Thursday, February 7, 2013

Site Update

Links to exchanges I participated in were posted on the FP ONLINE page. In one of them I deplored the major effort invested in mindlessly migrating from fad to fad, rather than on sound productive work. One example:

How to move configurable xml data types and data to Oracle database

A new To Laugh or Cry? item was posted on the LAUGH/CRY? page. Has some relevance to each of the other items mentioned in this update.

The Quote of the Week was posted on the QUOTES page. It is a comment on Iggy Fernandez's blog post, a link to which I posted last week on the FP ONLINE page and which I recommend reading.

The author of Hipsters hacking on PostgreSQL writes that OTOH PostgreSQL was designed to be "a relational counterpart to Oracle and DB2", but it is increasingly being used "not because it's the easiest database to learn and use. It's not ... [or] because it's cool. It's not ... but because it gets stuff done."

I don't know how relational and easy to learn and use it is, but the real issue is are there any non-relational products that are easier to learn and use and get the same things done and if not, why not?

It does not seem to occur to anybody that this might have something to do with whatever relational fidelity its SQL implementation has. And I wonder if Stonebraker, who has lately been pronouncing relational technology obsolete and not up to current needs, and has developed several non-relational products not much heard of, is aware of the irony of his old product's success.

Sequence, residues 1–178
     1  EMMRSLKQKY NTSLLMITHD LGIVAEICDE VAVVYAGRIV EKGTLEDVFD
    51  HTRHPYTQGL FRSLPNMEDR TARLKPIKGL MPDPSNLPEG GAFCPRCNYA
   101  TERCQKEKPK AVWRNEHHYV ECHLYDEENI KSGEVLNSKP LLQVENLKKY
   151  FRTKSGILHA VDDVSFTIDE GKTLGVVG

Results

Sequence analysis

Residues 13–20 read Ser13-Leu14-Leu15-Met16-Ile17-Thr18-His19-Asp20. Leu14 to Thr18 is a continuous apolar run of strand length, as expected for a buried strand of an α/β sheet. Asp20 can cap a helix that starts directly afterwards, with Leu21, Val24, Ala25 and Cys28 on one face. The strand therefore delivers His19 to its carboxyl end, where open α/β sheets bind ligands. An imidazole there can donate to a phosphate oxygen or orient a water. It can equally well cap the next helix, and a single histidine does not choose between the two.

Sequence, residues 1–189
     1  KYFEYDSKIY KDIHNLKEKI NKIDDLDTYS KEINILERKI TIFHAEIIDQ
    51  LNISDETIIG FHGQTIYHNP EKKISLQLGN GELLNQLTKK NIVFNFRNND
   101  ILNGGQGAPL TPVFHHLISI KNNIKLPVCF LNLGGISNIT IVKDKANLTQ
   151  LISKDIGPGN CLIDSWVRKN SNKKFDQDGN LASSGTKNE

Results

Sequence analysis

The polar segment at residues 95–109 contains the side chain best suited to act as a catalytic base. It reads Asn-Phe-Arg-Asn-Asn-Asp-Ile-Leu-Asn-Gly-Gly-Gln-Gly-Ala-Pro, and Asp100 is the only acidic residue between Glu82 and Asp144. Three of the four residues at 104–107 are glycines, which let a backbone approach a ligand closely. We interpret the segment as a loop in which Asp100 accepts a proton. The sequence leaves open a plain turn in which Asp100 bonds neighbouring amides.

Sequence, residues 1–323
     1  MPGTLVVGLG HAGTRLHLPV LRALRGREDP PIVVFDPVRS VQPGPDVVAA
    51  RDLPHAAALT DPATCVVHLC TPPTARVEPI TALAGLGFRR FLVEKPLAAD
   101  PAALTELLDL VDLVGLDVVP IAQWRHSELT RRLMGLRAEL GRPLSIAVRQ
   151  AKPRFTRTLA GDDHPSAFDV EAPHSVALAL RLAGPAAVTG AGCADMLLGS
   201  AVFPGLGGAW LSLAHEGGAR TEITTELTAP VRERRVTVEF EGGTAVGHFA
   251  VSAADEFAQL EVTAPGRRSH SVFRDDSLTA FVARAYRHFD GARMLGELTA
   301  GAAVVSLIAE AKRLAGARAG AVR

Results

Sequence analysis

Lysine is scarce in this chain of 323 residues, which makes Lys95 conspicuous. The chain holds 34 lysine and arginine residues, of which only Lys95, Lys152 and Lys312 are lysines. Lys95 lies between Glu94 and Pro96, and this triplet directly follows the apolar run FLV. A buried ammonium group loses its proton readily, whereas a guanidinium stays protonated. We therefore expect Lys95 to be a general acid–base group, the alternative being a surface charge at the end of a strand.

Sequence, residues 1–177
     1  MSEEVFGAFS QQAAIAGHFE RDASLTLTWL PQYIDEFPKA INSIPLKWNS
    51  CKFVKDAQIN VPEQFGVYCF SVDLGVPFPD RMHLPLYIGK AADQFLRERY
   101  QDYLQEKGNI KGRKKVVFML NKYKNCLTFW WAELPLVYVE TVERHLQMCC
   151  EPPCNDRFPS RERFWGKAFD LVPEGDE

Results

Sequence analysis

On more than one occasion I criticized the academic substitution of industry fads for scientific research. Instead of leading the industry with science, academics rush to jump on every industry buzzword, a problem which Dijkstra deplored much more intelligently than I can.

Want more evidence? The previous item is one example. Here's another:

Scholarly articles for formal representation of NoSQL

And yet another, better one (detect any irony in the Bio?)

Harnessing Flexible Data in the Cloud

This has an historic precedent: the hierarchic and CODASYL (network) DBMSs were first inferred from existing practices and attempts were post-hoc made to give them a theoretical basis. This effort was subsequently abandoned when it proved too difficult and the result overwhelmingly complex and unusable. Few of today's IT professionals, academics and vendors are aware of this, which is why they are doomed to replicate the past.

In my last update I posted in error on the FP ONLINE page a link to Martijn Evers' blog post instead of the LinkedIn thread that contained my comment on it.

So here is the link to Martijn's post Metadata as a perspective on data and my comment:
I am uncomfortable with the proliferation of concepts and terms at the informal conceptual level that confuse levels of representation, are vague and inconsistent and complexify unnecessarily.

Reality is complex enough without us piling up on it methodological, conceptual and tool complexity--everything should be as simple and parsimonious as possible (but not simpler!). The relational model achieved exactly that at the logical level. The only way to take advantage of it is to reciprocate at the conceptual level. Unnecessary conceptual complexification spills into the logical level and defeats the purpose.

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